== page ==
Chapter 33 – The Prince’s Tale
- The deaths of Remus and Tonks feel quite understated considering what significant characters they were. Still, it would be unrealistic for Harry to be present for every major character death.
- Well, I can honestly say that I did not see the Snape-Lily twist coming, and this chapter definitely provides much food for thought.
- As a boy, Snape already doesn’t respect Muggles – a feeling which sadly spreads easily within wizard society, but is exacerbated in this case by his dislike of his Muggle father. He seems to assume that Lily would feel the same – that she would automatically view herself as ‘better’ than the rest of her family. When he tells Lily that being a Muggleborn doesn’t make any difference with regards to magical ability, it’s unclear how much he really believes it.
- It’s certainly interesting to learn that Petunia’s feelings towards wizards were bred out of resentment that she could never use magic herself. It’s not dwelt upon, given that Petunia made her last appearance towards the beginning of the book, but it doesn’t need to be.
- It is good that Snape having a difficult home life is not presented as a justifiable excuse for his behaviour throughout the books.
- It feels almost sad that the Sorting Hat immediately places Lily in Gryffindor – the same way that Tom Riddle and Draco Malfoy were immediately placed in Slytherin: it’s a recognition of the great virtue that will ultimately seal her fate.
- So despite Lily showing him a different way to live and behave, Snape was still sorted into Slytherin. Given what Sirius said in Goblet of Fire about him knowing a lot about the Dark Arts when he first arrived at Hogwarts, it would seem that he still placed the most value in that path and the qualities associated with it. In the later years, he is apparently already planning to join Voldemort before he leaves school, and he doesn’t really care what Lily thinks of his more questionable friends.
- It is striking that for all the trust Dumbledore placed in Snape in later years, he tells him “You disgust me” in the first one-to-one meeting we see – Dumbledore expresses disgust just as rarely as anger.
- The one scene between Dumbledore and Snape immediately following Lily’s death explains so much all on its own.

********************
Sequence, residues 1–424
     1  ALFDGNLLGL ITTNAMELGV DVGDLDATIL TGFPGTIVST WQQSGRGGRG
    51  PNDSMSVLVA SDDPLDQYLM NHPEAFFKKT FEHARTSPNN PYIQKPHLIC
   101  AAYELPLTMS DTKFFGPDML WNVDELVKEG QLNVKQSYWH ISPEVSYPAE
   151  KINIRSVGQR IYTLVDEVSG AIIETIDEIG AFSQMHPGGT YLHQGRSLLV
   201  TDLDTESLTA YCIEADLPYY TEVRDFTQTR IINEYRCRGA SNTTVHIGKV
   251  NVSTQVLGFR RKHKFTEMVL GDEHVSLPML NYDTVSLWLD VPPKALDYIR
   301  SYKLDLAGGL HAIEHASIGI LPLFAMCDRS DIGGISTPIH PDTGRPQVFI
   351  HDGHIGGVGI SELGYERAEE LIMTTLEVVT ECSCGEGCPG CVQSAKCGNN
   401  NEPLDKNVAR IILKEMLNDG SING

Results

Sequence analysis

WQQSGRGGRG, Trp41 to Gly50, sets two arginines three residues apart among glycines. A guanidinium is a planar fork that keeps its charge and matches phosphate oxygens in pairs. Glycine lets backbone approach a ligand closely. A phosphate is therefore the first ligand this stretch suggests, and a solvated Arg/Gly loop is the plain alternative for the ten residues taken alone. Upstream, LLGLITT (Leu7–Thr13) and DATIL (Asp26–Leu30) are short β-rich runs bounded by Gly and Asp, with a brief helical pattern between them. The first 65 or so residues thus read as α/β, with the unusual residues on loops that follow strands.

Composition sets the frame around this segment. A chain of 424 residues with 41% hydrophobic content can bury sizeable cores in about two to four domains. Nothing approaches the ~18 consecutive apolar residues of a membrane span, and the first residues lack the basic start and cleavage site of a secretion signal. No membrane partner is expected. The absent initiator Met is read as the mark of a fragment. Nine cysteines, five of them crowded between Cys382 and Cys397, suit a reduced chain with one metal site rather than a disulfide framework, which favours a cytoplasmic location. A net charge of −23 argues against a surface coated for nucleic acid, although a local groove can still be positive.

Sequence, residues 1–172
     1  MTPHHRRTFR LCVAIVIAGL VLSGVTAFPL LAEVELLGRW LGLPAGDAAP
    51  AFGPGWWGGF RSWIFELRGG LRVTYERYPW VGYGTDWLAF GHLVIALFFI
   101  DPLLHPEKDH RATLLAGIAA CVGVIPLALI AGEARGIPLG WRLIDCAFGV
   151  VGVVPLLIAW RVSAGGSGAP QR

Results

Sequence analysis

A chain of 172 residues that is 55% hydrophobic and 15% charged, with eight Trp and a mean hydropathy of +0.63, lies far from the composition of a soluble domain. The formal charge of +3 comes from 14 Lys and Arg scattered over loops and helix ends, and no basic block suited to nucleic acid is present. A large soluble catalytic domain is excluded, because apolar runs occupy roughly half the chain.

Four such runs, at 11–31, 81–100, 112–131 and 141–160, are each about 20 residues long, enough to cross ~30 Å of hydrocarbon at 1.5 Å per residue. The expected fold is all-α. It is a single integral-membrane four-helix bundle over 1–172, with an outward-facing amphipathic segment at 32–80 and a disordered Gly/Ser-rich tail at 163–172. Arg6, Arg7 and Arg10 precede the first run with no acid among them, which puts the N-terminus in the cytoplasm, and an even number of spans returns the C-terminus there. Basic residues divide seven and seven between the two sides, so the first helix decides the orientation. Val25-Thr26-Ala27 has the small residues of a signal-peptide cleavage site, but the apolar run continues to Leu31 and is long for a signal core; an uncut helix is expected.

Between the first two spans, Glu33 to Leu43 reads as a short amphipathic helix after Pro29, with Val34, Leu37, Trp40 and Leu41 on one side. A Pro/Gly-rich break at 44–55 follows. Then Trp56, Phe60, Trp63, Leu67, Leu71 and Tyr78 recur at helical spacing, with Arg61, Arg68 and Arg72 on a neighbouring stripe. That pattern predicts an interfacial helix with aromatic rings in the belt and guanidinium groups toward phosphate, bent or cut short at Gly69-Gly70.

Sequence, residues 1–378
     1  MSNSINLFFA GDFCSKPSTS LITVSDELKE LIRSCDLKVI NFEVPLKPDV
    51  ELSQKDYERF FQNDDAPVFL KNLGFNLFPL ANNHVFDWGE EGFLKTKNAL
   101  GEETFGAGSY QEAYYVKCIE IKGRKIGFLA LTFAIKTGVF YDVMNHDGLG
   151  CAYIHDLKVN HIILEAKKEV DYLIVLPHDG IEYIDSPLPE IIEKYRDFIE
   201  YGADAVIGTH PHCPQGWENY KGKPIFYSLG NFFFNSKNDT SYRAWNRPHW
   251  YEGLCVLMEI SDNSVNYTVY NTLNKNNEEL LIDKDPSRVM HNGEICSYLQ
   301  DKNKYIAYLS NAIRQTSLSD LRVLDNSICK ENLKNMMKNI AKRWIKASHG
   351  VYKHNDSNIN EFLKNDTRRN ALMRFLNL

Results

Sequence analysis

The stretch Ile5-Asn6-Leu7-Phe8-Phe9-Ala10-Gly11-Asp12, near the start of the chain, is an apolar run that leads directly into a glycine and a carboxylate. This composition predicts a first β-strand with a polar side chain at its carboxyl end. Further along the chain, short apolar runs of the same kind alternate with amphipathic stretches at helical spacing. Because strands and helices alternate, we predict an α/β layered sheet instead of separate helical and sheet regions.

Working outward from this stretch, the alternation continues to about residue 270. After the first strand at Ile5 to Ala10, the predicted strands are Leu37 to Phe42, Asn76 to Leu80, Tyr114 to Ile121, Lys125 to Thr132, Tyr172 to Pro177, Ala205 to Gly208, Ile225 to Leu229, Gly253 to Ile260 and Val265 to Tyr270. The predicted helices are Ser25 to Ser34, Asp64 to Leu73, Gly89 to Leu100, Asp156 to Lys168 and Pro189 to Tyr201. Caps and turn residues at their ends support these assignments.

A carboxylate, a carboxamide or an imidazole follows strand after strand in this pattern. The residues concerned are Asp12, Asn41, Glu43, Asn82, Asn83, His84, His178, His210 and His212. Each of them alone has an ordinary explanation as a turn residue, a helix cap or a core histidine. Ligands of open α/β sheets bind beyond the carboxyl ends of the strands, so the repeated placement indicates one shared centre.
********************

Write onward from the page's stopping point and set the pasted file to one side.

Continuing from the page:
- “You know, I sometimes think we Sort too soon.” It’s not often we see the flaws of the Sorting system being openly addressed by the characters – makes sense we’d hear something like this in the last, most adult book.
- Among the many fan theories circulating by the time the book was published, the idea that Dumbledore intended for Snape to kill him was certainly there – but the fact that Dumbledore was already dying definitely came out of the blue.
- Given that Voldemort already had plans to control Hogwarts just over a year after his return, he was certainly moving much more quickly than the first time round.
- The later flashbacks really show how expertly Dumbledore played his two most important pieces, Harry and Snape, in the game against Voldemort – right down to using Harry to destroy the Horcruxes before he would inevitably have to let Voldemort kill him (though Dumbledore’s reaction to Snape’s Patronus indicates he really does regret this) and setting up how Voldemort’s inevitable attack on Harry when he leaves Privet Drive must unfold.
- So now the connection between Harry and Voldemort’s minds has a full explanation as well.
Chapter 34 – The Forest Again
- When first reading this, even though I suspected that Harry might not actually die with the amount of pages remaining, I was still shocked at how things looked.
- This chapter again is brilliantly written, as Harry consciously faces his death – remaining calm and in control, but struggling to do so – and accepts that there is really no need to be afraid.